abstract = "Suboptimal diet and inactive lifestyle are among the most prevalent preventable causes of premature death. Interventions that target multiple behaviors are potentially efficient; however the optimal way to initiate and maintain multiple health behavior changes is unknown.The Make Better Choices 2 (MBC2) trial aims to examine whether sustained healthful diet and activity change are best achieved by targeting diet and activity behaviors simultaneously or sequentially. Study design approximately 250 inactive adults with poor quality diet will be randomized to 3 conditions examining the best way to prescribe healthy diet and activity change. The 3 intervention conditions prescribe: 1) an increase in fruit and vegetable consumption (F/V+), decrease in sedentary leisure screen time (Sed-), and increase in physical activity (PA+) simultaneously (Simultaneous); 2) F/V+ and Sed- first, and then sequentially add PA+ (Sequential); or 3) Stress Management Control that addresses stress, relaxation, and sleep. All participants will receive a smartphone application to self-monitor behaviors and regular coaching calls to help facilitate behavior change during the 9month intervention. Healthy lifestyle change in fruit/vegetable and saturated fat intakes, sedentary leisure screen time, and physical activity will be assessed at 3, 6, and 9months.MBC2 is a randomized m-Health intervention examining methods to maximize initiation and maintenance of multiple healthful behavior changes. Results from this trial will provide insight about an optimal technology supported approach to promote improvement in diet and physical activity.",
    	institution = "Department of Preventive Medicine, Northwestern University Feinberg School of Medicine, 680N. Lake Shore Drive, Suite 1400, Chicago, IL 60611, United States.",
    	keywords = "Diet, mHealth, Multiple behavior change, Physical activity",
    	pmid = 25625810,
    	pubstate = "published",
    	tppubtype = "article",
    	url = "http://dx.doi.org/10.1016/j.cct.2015.01.009"
    }
    
  7. Y Han, M S Faulkner, H Fritz, D Fadoju, A Muir, G D Abowd, L Head and R I Arriaga.
    A Pilot Randomized Trial of Text-Messaging for Symptom Awareness and Diabetes Knowledge in Adolescents With Type 1 Diabetes. Journal of Pediatric Nursing (0):-, 2015. URL BibTeX

    @article{Han2015,
    	author = "Y. Han and M.S. Faulkner and H. Fritz and D. Fadoju and A. Muir and G.D. Abowd and L. Head and R.I. Arriaga",
    	title = "A Pilot Randomized Trial of Text-Messaging for Symptom Awareness and Diabetes Knowledge in Adolescents With Type 1 Diabetes",
    	journal = "Journal of Pediatric Nursing",
    	year = 2015,
    	number = 0,
    	pages = "-",
    	issn = "0882-5963",
    	abstract = "Adolescents with type 1 diabetes typically receive clinical care every 3 months. Between visits, diabetes-related issues may not be frequently reflected, learned, and documented by the patients, limiting their self-awareness and knowledge about their condition. We designed a text-messaging system to help resolve this problem. In a pilot, randomized controlled trial with 30 adolescents, we examined the effect of text messages about symptom awareness and diabetes knowledge on glucose control and quality of life. The intervention group that received more text messages between visits had significant improvements in quality of life.",
    	keywords = "Adolescents, Text messaging, Type 1 diabetes",
    	pmid = 25720675,
    	pubstate = "published",
    	tppubtype = "article",
    	url = "http://www.sciencedirect.com/science/article/pii/S0882596315000342"
    }
    
  8. W T Abraham, J Lindenfeld, V Y Reddy, G Hasenfuss, K Kuck, J Boscardin, R Gibbons and D Burkhoff.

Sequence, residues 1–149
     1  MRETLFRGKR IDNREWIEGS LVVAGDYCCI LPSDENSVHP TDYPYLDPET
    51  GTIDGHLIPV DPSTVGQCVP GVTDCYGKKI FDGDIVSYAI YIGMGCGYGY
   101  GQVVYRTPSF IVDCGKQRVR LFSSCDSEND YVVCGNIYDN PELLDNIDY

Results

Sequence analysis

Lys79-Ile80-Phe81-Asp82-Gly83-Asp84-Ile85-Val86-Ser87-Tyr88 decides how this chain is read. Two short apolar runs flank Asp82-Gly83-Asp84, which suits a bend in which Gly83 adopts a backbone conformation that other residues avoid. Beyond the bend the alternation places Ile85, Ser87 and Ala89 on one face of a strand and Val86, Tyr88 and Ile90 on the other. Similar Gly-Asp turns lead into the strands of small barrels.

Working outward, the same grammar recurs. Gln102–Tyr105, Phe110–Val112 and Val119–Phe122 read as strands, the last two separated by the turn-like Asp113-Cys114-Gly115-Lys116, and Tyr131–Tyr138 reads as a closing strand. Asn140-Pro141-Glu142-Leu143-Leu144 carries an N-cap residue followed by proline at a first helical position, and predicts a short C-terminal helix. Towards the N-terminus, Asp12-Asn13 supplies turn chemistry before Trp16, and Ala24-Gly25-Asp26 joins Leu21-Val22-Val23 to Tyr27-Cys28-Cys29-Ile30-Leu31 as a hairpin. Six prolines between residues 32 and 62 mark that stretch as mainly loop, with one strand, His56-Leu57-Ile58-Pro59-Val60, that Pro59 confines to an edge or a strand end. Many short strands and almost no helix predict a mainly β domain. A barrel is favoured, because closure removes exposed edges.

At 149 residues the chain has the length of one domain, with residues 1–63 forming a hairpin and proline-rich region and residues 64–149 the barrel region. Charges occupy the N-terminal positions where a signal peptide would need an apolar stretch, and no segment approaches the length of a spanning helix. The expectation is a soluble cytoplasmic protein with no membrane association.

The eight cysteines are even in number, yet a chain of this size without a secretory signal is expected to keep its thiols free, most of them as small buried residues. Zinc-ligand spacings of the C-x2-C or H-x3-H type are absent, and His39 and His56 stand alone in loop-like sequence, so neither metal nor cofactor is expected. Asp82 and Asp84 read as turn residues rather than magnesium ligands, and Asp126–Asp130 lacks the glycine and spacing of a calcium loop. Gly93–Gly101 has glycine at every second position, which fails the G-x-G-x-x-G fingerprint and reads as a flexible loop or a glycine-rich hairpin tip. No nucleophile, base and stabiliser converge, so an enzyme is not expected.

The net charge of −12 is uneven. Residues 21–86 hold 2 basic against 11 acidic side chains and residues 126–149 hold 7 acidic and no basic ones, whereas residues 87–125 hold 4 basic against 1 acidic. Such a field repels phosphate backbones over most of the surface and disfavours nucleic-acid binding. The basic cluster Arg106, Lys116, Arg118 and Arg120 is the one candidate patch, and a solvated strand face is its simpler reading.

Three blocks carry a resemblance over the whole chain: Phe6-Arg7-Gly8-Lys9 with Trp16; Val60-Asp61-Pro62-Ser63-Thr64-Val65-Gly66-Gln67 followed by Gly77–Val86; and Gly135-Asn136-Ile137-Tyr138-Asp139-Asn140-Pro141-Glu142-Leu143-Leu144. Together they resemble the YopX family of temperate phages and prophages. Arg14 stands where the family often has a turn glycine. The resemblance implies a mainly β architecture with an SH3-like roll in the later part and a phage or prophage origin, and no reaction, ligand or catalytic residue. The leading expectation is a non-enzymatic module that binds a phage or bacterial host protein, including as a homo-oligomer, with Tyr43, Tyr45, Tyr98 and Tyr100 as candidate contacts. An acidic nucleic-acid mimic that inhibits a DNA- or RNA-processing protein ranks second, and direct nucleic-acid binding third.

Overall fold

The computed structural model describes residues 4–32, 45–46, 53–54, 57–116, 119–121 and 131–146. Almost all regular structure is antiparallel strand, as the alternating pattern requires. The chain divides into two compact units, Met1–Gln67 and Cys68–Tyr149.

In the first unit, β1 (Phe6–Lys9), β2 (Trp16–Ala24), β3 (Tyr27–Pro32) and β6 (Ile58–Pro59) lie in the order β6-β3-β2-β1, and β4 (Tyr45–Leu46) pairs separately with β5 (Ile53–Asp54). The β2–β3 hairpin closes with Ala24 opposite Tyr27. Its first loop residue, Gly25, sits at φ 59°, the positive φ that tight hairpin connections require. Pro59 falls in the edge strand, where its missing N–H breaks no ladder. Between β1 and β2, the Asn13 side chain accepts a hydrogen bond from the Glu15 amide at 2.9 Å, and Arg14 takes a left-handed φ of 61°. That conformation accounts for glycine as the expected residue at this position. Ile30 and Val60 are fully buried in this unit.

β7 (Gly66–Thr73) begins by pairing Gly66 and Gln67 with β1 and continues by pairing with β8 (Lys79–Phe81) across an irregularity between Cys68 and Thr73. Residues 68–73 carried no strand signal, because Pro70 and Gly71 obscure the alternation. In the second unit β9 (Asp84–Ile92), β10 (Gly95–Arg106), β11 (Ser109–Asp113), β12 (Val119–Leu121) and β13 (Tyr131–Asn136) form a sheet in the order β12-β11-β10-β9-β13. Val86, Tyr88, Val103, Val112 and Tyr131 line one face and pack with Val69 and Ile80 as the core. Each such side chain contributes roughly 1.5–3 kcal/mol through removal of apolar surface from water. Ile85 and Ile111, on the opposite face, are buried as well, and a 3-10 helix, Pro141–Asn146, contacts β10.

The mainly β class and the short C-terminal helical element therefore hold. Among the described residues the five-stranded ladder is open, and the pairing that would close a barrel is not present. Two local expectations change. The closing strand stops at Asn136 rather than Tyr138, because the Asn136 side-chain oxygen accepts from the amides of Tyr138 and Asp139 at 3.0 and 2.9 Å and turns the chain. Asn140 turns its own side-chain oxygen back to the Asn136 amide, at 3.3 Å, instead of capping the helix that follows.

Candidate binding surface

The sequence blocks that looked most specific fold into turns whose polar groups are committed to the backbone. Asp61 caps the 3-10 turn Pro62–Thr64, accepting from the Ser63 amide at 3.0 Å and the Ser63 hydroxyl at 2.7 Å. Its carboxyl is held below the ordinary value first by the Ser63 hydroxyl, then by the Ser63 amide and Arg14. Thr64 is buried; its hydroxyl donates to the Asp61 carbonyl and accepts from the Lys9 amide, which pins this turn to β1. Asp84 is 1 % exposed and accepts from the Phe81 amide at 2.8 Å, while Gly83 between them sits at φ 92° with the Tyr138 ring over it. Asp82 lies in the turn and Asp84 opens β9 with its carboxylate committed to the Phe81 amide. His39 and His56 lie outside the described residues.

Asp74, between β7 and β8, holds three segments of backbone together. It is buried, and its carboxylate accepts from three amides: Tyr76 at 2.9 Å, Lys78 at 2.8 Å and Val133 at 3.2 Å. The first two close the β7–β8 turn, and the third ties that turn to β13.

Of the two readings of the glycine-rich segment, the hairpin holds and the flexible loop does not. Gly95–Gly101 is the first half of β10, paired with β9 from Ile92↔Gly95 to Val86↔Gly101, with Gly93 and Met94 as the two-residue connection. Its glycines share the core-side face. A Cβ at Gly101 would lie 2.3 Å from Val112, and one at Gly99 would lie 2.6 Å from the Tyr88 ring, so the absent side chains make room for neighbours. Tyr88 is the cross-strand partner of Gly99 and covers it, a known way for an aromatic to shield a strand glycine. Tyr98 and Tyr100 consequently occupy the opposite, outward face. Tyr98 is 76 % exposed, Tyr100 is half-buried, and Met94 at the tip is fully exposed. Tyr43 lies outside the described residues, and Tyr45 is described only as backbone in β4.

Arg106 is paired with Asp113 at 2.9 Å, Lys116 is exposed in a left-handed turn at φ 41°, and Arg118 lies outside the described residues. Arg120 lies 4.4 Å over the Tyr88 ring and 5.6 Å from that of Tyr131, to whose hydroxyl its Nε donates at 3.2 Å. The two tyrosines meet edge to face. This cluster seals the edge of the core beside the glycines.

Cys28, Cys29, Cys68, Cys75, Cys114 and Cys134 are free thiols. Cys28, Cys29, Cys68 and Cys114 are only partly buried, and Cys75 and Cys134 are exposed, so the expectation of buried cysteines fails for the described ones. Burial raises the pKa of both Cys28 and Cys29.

A Randomized Controlled Trial to Evaluate the Safety and Efficacy of Cardiac Contractility Modulation in Patients With Moderately Reduced Left Ventricular Ejection Fraction and a Narrow QRS Duration: Study Rationale and Design. Journal of Cardiac Failure 21(1):16 - 23, 2015. URL BibTeX

    @article{Abraham201516,
    	author = "W. T. Abraham and J. Lindenfeld and V.Y. Reddy and G. Hasenfuss and K. Kuck and J. Boscardin and R. Gibbons and D. Burkhoff",
    	title = "A Randomized Controlled Trial to Evaluate the Safety and Efficacy of Cardiac Contractility Modulation in Patients With Moderately Reduced Left Ventricular Ejection Fraction and a Narrow QRS Duration: Study Rationale and Design",
    	journal = "Journal of Cardiac Failure",
    	year = 2015,
    	volume = 21,
    	number = 1,
    	pages = "16 - 23",
    	issn = "1071-9164",
    	abstract = "Abstract Cardiac contractility modulation (CCM) signals are nonexcitatory electrical signals delivered during the cardiac absolute refractory period that enhance the strength of cardiac muscular contraction. The FIX-HF-5 study was a prospective randomized study comparing CCM plus optimal medical therapy (OMT) to OMT alone that included 428 New York Heart Association (NYHA) functional class III or IV heart failure patients with ejection fraction (EF) ≤45% according to core laboratory assessment. The study met its primary safety end point, but did not reach its primary efficacy end point: a responders analysis of changes in ventilatory anaerobic threshold (VAT). However, in a prespecified subgroup analysis, significant improvements in primary and secondary end points, including the responder VAT end point, were observed in patients with EFs ranging from 25% to 45%, who constituted about one-half of the study subjects. We therefore designed a new study to prospectively confirm the efficacy of CCM in this population. A hierarchic bayesian statistical analysis plan was developed to take advantage of the data already available from the first study. In addition, based on technical difficulties encountered in reliably quantifying VAT and the relatively large amount of nonquantifiable studies, the primary efficacy end point was changed to peak VO2, with significant measures incorporated to minimize the influence of placebo effect. In this paper, we provide the details and rationale of the FIX-HF-5C study design to study CCM plus OMT compared with OMT alone in subjects with normal QRS duration, NYHA functional class III or IV, and EF 25% to 45%. This study is registered on www.clinicaltrials.gov with identifier no. NCT01381172.",